Buy website traffic cheap Amazon Will Launch 3000+ Satellites To Offer High Speed Internet In India || Now get Extremely high speed Internet

Amazon Will Launch 3000+ Satellites To Offer High Speed Internet In India || Now get Extremely high speed Internet

 Amazon Will Launch 3000+ Satellites To Offer High Speed Internet In India || Now get Extremely high speed Internet


Amazon is working on bringing high-speed satellite internet services to India, joining the race and competing against Bharti-backed One-Web and Elon Musk’s SpaceX.

Read on to find out all the details about Amazon’s plans about introducing its own internet services!



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Amazon To Introduce High Speed Satellite Internet Services To India


The global e-commerce giant is planning to start working on introducing high-speed satellite internet services to India. For this, Amazon is planning to approach the government in order to deal with the various factors that play a part in internet services, such as modalities, authorisations, permits, landing rights and satellite bandwidth leasing costs.

They will also require landing rights in order to downlink signals of foreign satellites into the country, which will be granted by the Department of Space (DoS) .

As per these sources, “Talks with the DoS and Department of Telecommunications (DoT) will happen on the necessary regulatory approvals to bring Amazon’s high-speed broadband services to India via its Project Kuiper satellite constellation as part of the global launch.”

Some of the major competitors of Amazon will be One Web, by Bharti Airtel, SpaceX by Elon Musk, and Jio’s internet services.

“We conclude that grant of Kuiper’s application would advance the public interest by authorizing a system designed to increase the availability of high-speed broadband service to consumers, government, and businesses,” the FCC wrote in its authorization for the satellites.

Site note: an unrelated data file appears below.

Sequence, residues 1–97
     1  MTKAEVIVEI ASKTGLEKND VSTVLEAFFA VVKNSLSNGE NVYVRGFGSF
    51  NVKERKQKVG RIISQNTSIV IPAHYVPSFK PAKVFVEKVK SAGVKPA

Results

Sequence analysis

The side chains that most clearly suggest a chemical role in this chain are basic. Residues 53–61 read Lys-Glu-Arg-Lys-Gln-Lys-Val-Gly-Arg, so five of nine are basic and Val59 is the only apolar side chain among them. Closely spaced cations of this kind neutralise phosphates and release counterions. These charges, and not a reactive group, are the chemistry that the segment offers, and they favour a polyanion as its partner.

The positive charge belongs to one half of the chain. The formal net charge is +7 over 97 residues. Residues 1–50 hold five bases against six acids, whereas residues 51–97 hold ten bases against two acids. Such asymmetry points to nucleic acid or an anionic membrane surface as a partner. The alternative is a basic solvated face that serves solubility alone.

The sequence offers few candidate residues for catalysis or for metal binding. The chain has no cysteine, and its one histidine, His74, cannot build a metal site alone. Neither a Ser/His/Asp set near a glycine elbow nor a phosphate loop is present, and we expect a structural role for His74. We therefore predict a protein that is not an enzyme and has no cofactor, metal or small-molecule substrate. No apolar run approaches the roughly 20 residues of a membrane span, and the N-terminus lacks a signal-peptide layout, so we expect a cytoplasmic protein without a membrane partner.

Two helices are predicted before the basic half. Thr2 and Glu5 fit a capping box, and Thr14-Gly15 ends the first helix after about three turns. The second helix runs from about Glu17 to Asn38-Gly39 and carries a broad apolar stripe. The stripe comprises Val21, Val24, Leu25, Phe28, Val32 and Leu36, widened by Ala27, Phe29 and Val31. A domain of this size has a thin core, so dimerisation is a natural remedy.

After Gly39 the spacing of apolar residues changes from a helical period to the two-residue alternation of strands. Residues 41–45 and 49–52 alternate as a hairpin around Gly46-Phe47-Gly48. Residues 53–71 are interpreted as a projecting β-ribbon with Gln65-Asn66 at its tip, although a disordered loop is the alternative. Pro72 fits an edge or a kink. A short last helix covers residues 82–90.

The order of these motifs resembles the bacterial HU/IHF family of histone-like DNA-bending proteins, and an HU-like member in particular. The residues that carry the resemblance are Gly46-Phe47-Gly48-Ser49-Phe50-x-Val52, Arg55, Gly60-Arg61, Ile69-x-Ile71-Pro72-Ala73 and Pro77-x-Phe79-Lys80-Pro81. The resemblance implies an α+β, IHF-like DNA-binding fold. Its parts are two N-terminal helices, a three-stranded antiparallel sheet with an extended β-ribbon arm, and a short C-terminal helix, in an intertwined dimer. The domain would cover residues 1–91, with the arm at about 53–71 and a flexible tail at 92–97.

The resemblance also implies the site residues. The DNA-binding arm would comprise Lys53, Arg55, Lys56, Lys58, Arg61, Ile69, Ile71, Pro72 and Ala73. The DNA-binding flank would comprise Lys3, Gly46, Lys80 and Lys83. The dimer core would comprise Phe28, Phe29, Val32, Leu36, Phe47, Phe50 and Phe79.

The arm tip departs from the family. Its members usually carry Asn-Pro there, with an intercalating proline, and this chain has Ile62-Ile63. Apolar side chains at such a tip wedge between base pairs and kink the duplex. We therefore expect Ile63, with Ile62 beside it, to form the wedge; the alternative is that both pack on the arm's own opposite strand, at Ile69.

Project Kuiper is Amazon’s entrant into the race for space internet, competing with SpaceX’s Starlink constellation, the recently revived U.K.-based OneWeb, and several other players. Amazon asked the FCC for permission to launch its satellites back in July 2019.

The goal is to blanket Earth in satellites in low orbits, which will them beam the internet to ground stations that people can connect to, including from remote locations that might not otherwise have internet access. Amazon’s satellites will orbit between 590 and 630 kilometers, as per the FCC authorization.

In a statement, Amazon said it intended to invest “more than $10 billion” in Project Kuiper. “There are still too many places where broadband access is unreliable or where it doesn’t exist at all,” Dave Limp, Senior Vice President at Amazon, said in the statement. “Kuiper will change that.”

However, there are significant concerns about launching such large numbers of satellites into orbit, such as the risk of collisions between satellites, which could be disastrous.

Currently only about 2,000 active satellites orbit Earth, but SpaceX alone plans to increase this by up to 42,000 with its Starlink constellation, coupled with thousands more from Amazon, OneWeb, and others.

When satellites get too close to each other, they must move out of the way to avoid a potential collision. Currently these maneuvers, known as a collision avoidance maneuver, are performed three times a day. Estimates suggest this will increase to eight an hour if all planned mega constellations are launched.

If two satellites collide, they can produce thousands of pieces of debris that can potentially hit other satellites. In 2009, for example, an active U.S. satellite collided with a defunct Russian satellite, creating a large cloud of dangerous debris.

                  


Amazon has not revealed how bright its satellites might be, nor what sort of impact they might have on the sky. The FCC did, however, ask Amazon to consider the impact of its satellites on radio astronomy.

Nonetheless, there will be concerns about yet another constellation of satellites that astronomers will have to contend with in their efforts to study the universe, potentially forever altering the aesthetic of the night sky for many.

Project Kuiper is not the only mega constellation in development. Indeed, SpaceX has already launched hundreds of Starlink satellites, and OneWeb has launched dozens of its own.

But the emergence of another mega constellation, when issues regarding space debris and astronomy are yet to be resolved, will be worrisome to many. In the pursuit of slightly faster rural internet from space, there remain serious and legitimate concerns that could have impacts for generations.


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